With Besen-Cassino’s editorship, we can anticipate several new or expanded features in Contemporary Sociology. Yasemin will enrich the reviewer base by drawing on an increasingly international pool of sociologists and by bringing in people from across the career span. She plans to encourage jointly written reviews, which may introduce people to the reviewer role earlier in their careers as well as bring people with different areas of expertise together to collaborate in reviewing a book with an interdisciplinary focus.
Yasemin’s data-based approach to editing led her to learn about the patterns of reviewer use at Gender & Society. As an emeritus faculty member, I benefited from her recognizing this underutilized resource when she invited me to review. She is savvy about the invisible work of an editor; for example, tapping retired sociologists is apt to improve acceptance rates and turn-around times! Another initiative we will see is an increased level of social media activity related to the journal. At Gender & Society she initiated the creation of podcasts with some reviewed authors. In addition, Yasemin plans to use Twitter and Instagram to publicize the articles and reviews in CS.
Besen-Cassino came to Montclair State’s Sociology Department in 2005 directly from her graduate studies at SUNY-Stony Brook, where she earned both her masters and doctoral degrees. Yasemin’s specialization in the study of gender and youth, particularly youth employment, began while she was a graduate student. She has since added a focus on gender, youth, and the political arena. In each area, Yasemin has been extremely productive. She models the variety of ways to share her results: books, monographs, articles, conference presentations, podcasting, and the popular media. Yasemin is also an active book and manuscript reviewer. Last August, she drew on her experiences as an editor and reviewer to present “How to Write Book Reviews” at the ASA meetings. This productivity is especially notable given the high teaching load at MSU, as well as the relative scarcity of internal support for research and writing.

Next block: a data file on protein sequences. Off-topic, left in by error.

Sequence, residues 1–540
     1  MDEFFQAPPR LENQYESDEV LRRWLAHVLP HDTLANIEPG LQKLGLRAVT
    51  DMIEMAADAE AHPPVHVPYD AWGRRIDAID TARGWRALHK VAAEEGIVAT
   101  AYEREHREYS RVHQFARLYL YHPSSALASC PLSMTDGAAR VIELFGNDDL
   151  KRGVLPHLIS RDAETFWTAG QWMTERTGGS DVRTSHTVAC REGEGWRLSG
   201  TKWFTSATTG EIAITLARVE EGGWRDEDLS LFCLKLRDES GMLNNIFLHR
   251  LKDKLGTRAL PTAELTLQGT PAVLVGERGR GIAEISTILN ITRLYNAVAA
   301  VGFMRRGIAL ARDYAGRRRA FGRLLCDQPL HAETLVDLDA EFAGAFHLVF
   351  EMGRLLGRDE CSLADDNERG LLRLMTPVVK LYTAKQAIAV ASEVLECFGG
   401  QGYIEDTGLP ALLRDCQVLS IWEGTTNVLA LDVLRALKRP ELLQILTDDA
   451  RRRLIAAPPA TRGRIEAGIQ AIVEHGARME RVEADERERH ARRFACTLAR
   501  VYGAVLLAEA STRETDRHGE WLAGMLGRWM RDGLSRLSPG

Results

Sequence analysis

She has received numerous awards for her work. Missing from her CV is one particular treat she received because of her work; she had the opportunity to meet Lilly Ledbetter, for whom the Fair Pay Act (2009) was named.
Yasemin’s work is international in scope. Her undergraduate degree was earned at Bogazici University, in Istanbul. While her research has largely focused on the United States, she has often participated in multinational conferences to share with and learn about related research in other societies. Her work is also interdisciplinary – several of her projects have been collaborations with her husband, Dan Cassino, a political scientist.
Yasemin’s teaching has been recognized since her graduate school days. Using their strengths in teaching and using qualitative and quantitative methods, she and Dan authored Social Science Research Methods by Example (Routledge, 2017). A new membership in the ASA’s Program Reviewers and Consultants group (previously known as the Department Resources Group) indicates both her interest in and insight into the challenges facing sociology and sociologists in the contemporary academy.
In addition to Yasemin’s research, writing, and teaching, she is actively involved in service – she is starting a term as Sociology Department Chair at Montclair and is a member of the Publications Committee of SWS – which is a big responsibility as the organization plans to launch a second journal! Yasemin is committed to being a public sociologist. For example, she testified as an expert witness on gender and wage inequity to the New Jersey State Legislature.